Albuquerque International Sunport
|Albuquerque International Sunport
|IATA: ABQ – ICAO: KABQ – FAA LID: ABQ
|Owner||City of Albuquerque|
|Operator||Albuquerque Aviation Department|
|Serves||Albuquerque, New Mexico, US|
|Location||2200 Sunport Boulevard SE
Albuquerque, New Mexico
|Elevation AMSL||5,355 ft / 1,632 m|
|Statistics (2010, 2012)|
|Aircraft operations (2012)||123,449|
|Based aircraft (2012)||172|
|Sources: airport website and FAA|
Albuquerque International Sunport (IATA: ABQ, ICAO: KABQ, FAA LID: ABQ) is a public airport 3 miles (5 km) southeast of downtown Albuquerque, in Bernalillo County, New Mexico, United States. It is the largest commercial airport in the state, handling 5,888,811 passengers in 2009. The airport serves Albuquerque and Santa Fe (also served by Santa Fe Municipal Airport).
Albuquerque in the 1930s was served by two private airports, West Mesa Airport and Oxnard Field. Around 1935 it was suggested that the city build a new public airport using WPA money. Having secured $520,500 USD in funding, Governor Clyde Tingley broke ground for the project on February 28, 1937. Albuquerque Municipal Airport opened in 1939 with two paved runways, a Pueblo Style terminal building designed by Ernest Blumenthal, and a massive hangar designed to accommodate the new Boeing 307.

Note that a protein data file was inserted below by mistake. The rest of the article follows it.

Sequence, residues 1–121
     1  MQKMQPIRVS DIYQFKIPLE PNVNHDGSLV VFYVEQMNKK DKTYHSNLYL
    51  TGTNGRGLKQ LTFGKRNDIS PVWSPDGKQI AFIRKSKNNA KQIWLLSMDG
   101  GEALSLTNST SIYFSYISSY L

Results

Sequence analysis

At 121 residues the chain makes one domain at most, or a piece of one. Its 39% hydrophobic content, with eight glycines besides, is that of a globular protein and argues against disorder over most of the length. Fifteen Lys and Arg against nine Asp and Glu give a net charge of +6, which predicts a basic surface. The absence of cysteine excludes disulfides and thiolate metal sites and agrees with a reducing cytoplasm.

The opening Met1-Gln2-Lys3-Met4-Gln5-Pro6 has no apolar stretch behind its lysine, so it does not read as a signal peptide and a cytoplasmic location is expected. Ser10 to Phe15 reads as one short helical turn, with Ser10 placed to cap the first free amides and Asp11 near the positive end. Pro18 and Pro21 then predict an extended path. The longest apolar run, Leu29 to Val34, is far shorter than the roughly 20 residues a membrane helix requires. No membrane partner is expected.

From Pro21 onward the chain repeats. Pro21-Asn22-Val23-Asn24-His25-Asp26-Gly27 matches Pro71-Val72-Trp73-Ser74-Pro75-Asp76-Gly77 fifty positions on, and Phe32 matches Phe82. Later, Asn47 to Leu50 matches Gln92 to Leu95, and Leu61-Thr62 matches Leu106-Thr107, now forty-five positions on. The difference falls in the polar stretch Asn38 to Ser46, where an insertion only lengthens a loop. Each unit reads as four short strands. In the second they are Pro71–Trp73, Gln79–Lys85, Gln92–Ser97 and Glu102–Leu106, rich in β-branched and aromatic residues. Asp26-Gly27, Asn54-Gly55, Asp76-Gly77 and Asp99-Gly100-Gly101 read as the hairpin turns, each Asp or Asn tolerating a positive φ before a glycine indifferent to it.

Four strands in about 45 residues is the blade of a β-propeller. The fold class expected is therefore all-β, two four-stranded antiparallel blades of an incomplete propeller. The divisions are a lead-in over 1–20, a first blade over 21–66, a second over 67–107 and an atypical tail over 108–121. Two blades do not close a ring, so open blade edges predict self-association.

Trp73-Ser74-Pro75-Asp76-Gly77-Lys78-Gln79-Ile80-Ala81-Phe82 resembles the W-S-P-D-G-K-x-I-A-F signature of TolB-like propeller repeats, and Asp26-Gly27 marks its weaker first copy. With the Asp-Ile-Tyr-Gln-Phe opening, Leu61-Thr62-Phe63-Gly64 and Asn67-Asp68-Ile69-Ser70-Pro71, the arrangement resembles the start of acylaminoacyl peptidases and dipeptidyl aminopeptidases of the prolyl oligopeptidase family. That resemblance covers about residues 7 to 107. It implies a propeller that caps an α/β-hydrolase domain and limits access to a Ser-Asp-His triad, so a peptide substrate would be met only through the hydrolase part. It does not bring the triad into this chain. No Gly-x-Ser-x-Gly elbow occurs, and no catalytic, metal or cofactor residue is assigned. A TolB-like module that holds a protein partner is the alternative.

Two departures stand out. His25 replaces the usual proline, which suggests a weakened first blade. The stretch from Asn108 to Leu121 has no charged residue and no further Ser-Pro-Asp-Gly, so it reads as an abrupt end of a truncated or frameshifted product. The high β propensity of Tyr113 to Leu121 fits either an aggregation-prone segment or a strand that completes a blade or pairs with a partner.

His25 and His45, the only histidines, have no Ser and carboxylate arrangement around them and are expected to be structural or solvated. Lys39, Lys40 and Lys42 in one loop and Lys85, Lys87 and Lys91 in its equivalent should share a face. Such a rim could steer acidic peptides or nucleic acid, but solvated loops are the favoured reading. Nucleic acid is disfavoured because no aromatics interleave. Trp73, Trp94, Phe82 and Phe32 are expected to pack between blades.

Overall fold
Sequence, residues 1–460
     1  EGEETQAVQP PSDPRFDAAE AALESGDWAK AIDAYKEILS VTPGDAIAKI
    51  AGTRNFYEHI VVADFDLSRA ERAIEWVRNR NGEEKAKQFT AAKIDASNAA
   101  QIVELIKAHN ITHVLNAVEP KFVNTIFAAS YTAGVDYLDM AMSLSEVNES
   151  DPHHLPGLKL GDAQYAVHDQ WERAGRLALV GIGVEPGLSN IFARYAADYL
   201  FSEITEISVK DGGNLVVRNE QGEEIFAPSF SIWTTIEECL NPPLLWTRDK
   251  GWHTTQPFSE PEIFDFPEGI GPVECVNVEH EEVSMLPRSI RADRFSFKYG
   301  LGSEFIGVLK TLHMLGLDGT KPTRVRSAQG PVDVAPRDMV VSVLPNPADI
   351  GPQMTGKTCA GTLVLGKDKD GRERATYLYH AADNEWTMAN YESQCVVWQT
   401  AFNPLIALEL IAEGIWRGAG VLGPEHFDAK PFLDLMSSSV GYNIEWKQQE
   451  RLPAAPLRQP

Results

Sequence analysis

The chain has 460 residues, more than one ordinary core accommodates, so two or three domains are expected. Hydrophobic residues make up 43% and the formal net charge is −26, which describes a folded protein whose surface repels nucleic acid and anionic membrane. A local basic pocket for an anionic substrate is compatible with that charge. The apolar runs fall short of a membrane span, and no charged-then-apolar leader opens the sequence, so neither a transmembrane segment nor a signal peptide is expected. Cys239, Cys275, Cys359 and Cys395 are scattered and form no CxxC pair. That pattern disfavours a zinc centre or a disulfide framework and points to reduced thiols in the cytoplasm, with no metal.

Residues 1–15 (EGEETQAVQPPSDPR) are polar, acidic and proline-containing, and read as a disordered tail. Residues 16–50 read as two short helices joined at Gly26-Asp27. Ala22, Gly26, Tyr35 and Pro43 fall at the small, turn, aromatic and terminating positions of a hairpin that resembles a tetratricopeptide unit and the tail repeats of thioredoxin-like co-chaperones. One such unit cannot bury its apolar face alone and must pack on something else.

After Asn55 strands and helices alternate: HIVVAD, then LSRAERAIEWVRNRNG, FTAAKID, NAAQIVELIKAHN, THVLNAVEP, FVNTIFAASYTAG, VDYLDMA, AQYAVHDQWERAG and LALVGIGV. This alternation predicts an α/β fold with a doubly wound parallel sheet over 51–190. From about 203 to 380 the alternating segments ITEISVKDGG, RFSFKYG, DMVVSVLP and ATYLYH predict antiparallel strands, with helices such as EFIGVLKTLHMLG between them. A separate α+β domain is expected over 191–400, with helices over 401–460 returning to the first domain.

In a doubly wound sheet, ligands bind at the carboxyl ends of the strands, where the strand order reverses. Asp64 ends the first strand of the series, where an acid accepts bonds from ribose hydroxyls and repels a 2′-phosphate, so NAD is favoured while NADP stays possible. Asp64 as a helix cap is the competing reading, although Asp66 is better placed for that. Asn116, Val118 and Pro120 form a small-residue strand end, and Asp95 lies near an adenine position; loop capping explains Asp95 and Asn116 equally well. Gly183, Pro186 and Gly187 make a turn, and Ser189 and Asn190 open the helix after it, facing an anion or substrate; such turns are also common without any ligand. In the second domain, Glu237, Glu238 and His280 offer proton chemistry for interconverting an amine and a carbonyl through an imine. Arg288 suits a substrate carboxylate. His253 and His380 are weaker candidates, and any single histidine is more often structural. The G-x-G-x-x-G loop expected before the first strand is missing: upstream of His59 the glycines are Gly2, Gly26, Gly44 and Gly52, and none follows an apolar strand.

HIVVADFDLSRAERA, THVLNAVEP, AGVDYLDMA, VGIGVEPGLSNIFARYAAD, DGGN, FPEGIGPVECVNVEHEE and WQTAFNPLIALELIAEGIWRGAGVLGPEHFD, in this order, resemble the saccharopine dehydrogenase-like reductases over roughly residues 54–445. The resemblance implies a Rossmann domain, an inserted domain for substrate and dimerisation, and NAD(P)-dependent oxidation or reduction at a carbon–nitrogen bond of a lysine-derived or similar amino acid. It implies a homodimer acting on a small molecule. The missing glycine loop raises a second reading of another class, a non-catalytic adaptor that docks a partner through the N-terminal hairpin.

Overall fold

The April 1957 OAG shows 31 weekday departures: 13 on Continental, 12 TWA and 6 Frontier.
The present terminal was designed by William E. Burk Jr. and built in 1965 just east of the original terminal. It has been expanded twice, in 1989, which was designed by Phillip Jacobson and BPLW Associates and in 1996. The old terminal has been restored and houses offices of the Transportation Security Administration. It was added to the National Register of Historic Places in 1988.
Military facilities and operations
The Sunport began a new role in 1940 when it was designated Albuquerque Army Air Base, the precursor to today's Kirtland Air Force Base. The airport continues to share its runways with Kirtland AFB, which also handles rescue and firefighting operations. An Air Force Material Command (AFMC) installation, the host unit is the 377th Air Base Wing (377 ABW). Flying units at Kirtland AFB consist of the 58th Special Operations Wing (58 SOW) of the Air Education and Training Command (AETC) and the 150th Fighter Wing (150 FW), an Air Combat Command (ACC)-gained unit of the New Mexico Air National Guard.
The Airport Master Plan drafted in 2002 lays out intermediate- and long-term projects at the Sunport, including the removal of Runway 17/35 and the construction of a second terminal when traffic demands it. The runway closure recommendation is based on safety, noise abatement and the cost of upkeep. Because 17/35 intersects all three of the other runways it has the highest risk of runway incursions and air traffic control prefers not to use it. Wind is usually from the east, and even during strong winds the other runways can cover departure and landing. Currently, most of the runway's use is general aviation.
In the longer term, the plan calls for a new terminal to be built to the northeast of the existing terminal. A people mover system will connect the terminal with parking facilities and the existing terminal.
Facilities and aircraft